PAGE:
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THE LOST CHURCH.
[The poet is speaking of the tradition respecting a lost Church, and the occasional sounding of its bell. In this tradition he finally recognizes the spirit of martyrdom and self-devotion, of that deep and fervent, all-pervading piety which once characterized the church ; and in the sound of the bell, he hears the voice of conscience, whose tones of solemn admonition are reverberating in undying faithfulness.]
Far in the forest's thickly wooded green,
From the lost church, 't is said, the chime is borne,
As late I wandered to that leafy shade,
In this lone spot, the bell's mysterious voice,
Darkness and silence hung on all around;
An age, it seemed, had been vouchsafed to me, To dream the clouds of sin and sense away ; Clear as the light, a space unbounded, free, Above the mists, unclosed with brightest day. How bright that sun! how deeply blue that sky! And there a minster stood in sanctity.
It shone resplendent in the gorgeous ray,
Yes, from the steeple they came floating by,
Oh! how I felt within that sweet abode !
Before that altar I devoutly bowed,
The splendors of that mighty dwelling-place !-
THE GERMAN EMIGRANT.
Viewing thee, no fears we feel
COW PER'S ODYSSEY.
HOWEVER impossible it may be to obtain an exact statistical view of the German emigrants in this country, since they are regarded as American citizens after they have resided a few years among us, and have submitted to certain prescribed forms, it is well known that thousands and tens of thousands of these emigrants are spread over most of the States of the Union, and that every year brings many new settlers to our shores, who disperse over this country as seems to be best suited to their several occupations. But though in numerical respects you may find it difficult to arrive at any degree of certainty, it is much more easy to become acquainted with many prominent features of their general character. Whether you see them as pioneers, struggling through every difficulty, and overcoming every obstruction-or whether you visit them, when collected in families and quietly enjoying the fruits of their agricultural labors or whether, finally,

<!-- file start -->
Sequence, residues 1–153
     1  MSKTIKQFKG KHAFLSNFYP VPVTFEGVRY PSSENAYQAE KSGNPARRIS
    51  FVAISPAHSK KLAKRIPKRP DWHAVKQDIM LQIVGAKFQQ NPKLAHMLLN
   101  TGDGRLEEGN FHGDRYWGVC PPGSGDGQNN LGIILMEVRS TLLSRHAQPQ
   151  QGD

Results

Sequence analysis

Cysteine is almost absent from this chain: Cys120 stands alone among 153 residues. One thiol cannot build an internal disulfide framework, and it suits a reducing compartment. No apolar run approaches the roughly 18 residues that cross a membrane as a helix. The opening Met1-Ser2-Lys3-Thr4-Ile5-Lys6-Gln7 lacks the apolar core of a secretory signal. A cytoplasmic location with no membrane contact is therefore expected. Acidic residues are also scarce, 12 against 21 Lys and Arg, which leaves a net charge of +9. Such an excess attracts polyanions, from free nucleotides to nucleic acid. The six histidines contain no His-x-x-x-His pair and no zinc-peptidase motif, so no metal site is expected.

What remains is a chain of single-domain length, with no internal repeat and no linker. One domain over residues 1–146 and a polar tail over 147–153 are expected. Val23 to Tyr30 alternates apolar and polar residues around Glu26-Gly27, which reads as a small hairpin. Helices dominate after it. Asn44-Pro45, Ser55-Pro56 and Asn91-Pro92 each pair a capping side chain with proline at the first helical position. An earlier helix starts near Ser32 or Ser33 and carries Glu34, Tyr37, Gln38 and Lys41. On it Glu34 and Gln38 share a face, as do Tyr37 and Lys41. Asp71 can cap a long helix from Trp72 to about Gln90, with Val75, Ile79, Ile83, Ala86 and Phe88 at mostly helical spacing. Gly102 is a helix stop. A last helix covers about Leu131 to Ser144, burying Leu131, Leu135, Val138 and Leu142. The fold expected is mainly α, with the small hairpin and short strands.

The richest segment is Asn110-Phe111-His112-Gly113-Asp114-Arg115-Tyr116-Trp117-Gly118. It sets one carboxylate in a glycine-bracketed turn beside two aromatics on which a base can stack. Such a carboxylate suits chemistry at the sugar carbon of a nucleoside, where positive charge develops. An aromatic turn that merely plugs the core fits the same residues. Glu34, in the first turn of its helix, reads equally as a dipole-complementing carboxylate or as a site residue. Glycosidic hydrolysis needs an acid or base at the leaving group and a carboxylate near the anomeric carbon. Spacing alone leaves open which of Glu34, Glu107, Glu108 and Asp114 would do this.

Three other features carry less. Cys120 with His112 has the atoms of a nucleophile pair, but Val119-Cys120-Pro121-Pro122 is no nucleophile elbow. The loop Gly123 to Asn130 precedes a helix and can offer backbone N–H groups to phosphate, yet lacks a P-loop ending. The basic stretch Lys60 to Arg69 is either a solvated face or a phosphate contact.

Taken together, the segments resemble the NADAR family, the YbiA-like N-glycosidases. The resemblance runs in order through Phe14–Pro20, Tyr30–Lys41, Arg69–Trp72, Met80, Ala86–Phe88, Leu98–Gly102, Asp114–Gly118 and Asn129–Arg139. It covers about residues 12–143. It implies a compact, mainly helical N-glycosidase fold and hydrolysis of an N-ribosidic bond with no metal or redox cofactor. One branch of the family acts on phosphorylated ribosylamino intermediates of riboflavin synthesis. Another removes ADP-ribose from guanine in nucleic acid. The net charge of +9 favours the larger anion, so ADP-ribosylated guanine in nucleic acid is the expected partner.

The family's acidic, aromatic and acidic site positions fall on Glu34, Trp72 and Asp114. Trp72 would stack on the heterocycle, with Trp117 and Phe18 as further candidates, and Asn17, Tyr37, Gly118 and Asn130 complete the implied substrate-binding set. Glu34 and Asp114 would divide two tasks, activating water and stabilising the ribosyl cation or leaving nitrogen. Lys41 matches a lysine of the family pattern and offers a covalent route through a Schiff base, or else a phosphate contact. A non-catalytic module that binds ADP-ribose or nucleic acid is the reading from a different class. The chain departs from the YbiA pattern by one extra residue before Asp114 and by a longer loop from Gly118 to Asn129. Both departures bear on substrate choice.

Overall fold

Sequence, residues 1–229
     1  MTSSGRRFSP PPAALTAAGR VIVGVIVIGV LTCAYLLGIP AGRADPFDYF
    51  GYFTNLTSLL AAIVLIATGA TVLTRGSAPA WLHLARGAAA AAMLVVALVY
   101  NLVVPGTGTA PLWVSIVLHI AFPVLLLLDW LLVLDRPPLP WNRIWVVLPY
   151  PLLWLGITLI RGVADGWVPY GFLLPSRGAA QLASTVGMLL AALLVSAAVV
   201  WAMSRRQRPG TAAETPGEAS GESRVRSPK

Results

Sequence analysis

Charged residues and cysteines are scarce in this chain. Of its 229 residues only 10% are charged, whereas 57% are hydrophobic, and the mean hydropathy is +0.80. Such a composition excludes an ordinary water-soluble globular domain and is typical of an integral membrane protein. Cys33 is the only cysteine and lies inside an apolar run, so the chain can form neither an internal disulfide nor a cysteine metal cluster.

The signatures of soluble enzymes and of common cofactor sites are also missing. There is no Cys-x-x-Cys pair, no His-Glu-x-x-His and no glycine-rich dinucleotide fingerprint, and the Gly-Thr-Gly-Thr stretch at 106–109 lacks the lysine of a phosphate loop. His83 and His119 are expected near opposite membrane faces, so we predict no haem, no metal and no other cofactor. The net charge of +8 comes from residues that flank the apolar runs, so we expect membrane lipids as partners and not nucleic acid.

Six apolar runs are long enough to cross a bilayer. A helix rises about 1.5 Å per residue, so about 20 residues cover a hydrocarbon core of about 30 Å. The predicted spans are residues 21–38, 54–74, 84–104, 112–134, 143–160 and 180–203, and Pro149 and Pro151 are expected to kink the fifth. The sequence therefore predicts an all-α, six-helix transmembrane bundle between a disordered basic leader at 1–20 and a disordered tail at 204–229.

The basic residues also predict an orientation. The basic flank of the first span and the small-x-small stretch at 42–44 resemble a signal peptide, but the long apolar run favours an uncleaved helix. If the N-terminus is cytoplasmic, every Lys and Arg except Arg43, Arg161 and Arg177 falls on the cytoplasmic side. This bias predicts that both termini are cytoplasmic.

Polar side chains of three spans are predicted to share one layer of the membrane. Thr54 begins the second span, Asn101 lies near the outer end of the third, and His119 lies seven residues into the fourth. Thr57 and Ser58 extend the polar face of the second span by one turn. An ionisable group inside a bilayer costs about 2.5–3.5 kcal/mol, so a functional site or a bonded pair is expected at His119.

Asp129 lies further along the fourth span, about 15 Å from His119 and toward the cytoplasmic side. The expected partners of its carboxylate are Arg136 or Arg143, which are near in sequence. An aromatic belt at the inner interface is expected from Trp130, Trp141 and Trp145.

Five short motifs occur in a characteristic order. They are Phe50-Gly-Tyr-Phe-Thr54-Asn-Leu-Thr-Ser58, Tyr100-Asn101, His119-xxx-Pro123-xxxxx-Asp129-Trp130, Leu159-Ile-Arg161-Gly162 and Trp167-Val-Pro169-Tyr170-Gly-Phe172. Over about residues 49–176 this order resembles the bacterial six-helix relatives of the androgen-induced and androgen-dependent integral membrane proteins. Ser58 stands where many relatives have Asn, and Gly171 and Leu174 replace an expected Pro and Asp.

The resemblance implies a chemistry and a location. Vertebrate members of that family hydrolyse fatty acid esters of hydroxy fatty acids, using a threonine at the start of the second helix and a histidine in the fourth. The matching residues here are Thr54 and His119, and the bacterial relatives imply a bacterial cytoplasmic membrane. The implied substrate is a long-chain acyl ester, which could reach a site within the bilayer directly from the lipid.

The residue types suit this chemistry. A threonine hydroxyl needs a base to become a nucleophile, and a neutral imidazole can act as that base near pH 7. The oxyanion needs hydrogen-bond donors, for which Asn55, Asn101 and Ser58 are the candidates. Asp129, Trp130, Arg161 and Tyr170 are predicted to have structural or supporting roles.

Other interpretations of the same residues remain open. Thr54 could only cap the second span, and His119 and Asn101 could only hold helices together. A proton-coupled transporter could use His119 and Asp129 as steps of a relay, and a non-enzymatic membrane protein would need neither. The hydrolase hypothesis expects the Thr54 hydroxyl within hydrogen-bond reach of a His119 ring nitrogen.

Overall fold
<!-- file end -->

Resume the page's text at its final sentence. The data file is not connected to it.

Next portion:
you meet with the German merchant and mechanic mingling in the larger cities with the American population—they enjoy everywhere the reputation of being a hard-working, temperate and honest people, little inclined to give way to temptations to which the lower classes of society are generally exposed, and highly susceptible to those religious and intellectual influences which they have enjoyed at home. However attached they may be to each other, and to their native land and language, they are found ready to adapt themselves to the customs and habits of the country of their adoption, to quire its language, and to take a share in the voluntary burthens which are inseparable from our state of society. It is to this spirit that the German Charitable Societies owe their origin, to which I once more direct the attention of my reader, since they serve as effectual and important means of bringing about the virtual naturalization of the foreigner, of making him a useful citizen in every point of view. The fundamental principles laid down by these societies differ in general very little from each other, but the spirit in which these principles have been applied by the German Charitable Society of Boston—to whose Board I am indebted for the details here communicated-and various regulations which have been suggested by the peculiar situation of its members, call for a more particular reference, and deserve to be generally known and recommended.